Indian cinema is often synonymous with Bollywood, known for its vibrant song and dance sequences and blockbuster entertainers. However, beneath the glitz and glamour lies another facet of Indian cinema that has quietly, yet significantly, contributed to the country’s cinematic legacy.
Origins of Parallel Cinema
As India gained independence from British colonial rule in 1947, the nation was at a crossroad. The roots of Indian Parallel Cinema can be traced back to this period, which was marked by great social, political, and cultural upheaval.
The movement itself gaining momentum in the mid 1950s and 1960s as new generation of filmmakers sought to break away from the formulaic, escapist narratives of mainstream cinema. They were inspired by the principles of Italian Neorealism, particularly its focus on realism and social commentary, as well as the French New Wave experimentation with narrative structures. The term “parallel cinema” is used because it represents a parallel or alternative path to mainstream cinema.
Characteristics and influential directors
At the heart of Parallel Cinema lies a commitment to portray the authenticity of Indian life. Filmmakers often utilized natural lighting, non-professional actors, and real locations to create a genuine atmosphere. The movement is inherently political, addressing issues such as poverty, caste discrimination, gender inequality, and class struggle. These films served as a powerful medium for advocacy and raising social awareness, placing a strong emphasis on well-developed characters and their emotional journeys.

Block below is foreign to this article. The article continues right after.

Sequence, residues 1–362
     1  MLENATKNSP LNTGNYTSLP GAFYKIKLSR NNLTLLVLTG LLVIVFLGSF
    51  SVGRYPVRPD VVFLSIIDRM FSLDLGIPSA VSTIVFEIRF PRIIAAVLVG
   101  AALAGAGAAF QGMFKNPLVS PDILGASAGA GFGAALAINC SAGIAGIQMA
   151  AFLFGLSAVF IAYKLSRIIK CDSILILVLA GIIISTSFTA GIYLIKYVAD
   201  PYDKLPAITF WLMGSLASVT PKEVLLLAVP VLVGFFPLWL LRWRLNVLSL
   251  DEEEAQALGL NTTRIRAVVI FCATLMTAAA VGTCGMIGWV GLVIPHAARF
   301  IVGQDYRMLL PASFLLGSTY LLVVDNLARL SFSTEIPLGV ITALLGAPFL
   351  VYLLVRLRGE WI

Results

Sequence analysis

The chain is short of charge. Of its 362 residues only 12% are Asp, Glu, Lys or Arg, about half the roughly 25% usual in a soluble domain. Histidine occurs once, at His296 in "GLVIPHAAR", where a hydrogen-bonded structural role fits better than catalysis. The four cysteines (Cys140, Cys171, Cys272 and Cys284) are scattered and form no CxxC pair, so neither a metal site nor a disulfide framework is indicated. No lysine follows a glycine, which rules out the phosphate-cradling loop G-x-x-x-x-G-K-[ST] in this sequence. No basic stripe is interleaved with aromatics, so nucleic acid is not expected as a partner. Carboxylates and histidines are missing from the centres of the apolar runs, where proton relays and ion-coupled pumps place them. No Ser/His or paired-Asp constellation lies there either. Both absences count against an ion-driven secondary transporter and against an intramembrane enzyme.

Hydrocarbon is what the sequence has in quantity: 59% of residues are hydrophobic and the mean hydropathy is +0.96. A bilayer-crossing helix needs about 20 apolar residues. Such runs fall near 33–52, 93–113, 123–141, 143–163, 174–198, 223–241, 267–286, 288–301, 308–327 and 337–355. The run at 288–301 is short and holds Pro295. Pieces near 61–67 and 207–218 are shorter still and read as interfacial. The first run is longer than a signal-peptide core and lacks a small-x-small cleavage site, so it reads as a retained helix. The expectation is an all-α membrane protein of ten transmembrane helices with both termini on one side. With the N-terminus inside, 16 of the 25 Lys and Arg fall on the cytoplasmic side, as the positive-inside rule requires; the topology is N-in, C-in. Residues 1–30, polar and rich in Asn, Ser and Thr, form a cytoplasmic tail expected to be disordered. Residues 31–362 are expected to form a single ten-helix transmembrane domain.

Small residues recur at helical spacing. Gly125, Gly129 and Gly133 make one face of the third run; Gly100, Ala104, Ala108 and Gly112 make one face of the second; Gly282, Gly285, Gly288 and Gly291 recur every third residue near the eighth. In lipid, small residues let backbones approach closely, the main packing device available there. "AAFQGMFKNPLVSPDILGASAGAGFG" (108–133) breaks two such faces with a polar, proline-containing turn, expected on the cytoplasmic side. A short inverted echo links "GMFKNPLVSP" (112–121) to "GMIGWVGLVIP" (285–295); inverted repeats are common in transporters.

Directors of this movement were unafraid to experiment with narrative structures, often challenging the traditional three-act format. This approach allowed for more nuanced and thought-provoking storytelling. Satyajit Ray, who is renowned for his “Apu Trilogy”, is often considered the pioneer of Parallel Cinema and the most important director from Indian subcontinent. His films portrayed the everyday lives of common people with profound insight and artistry.
Shyam Benegal’s “Ankur” (1974) marked a significant shift in Indian cinema, addressing the themes of rural India and social class dynamics with a sense of authenticity and empathy, which resonated with audiences across the nation.
Lasting Impact of Parallel Cinema
Indian Parallel Cinema left an indelible mark on Indian filmmaking and the world of cinema at large. It challenged the dominance of mainstream Bollywood cinema, paving the way for a new generation of filmmakers who sought to tell more meaningful and thought-provoking stories. Furthermore, Indian films with global recognition, such as “Lagaan” (2001) and “Court” (2014), incorporate elements of Parallel Cinema, demonstrating its enduring legacy.
Parallel Cinema is not just a film movement, it is a reflection of the dynamic, ever-evolving society of India. Through its realism, social commentary, and commitment to authentic storytelling, it has not only challenged the conventions of Indian cinema but also contributed significantly to the nation’s cultural and artistic identity. As we explore the world of cinema, let us recognize and celebrate the profound impact of Parallel Cinema in broadening our understanding of the complexities of Indian society, culture, and the human condition.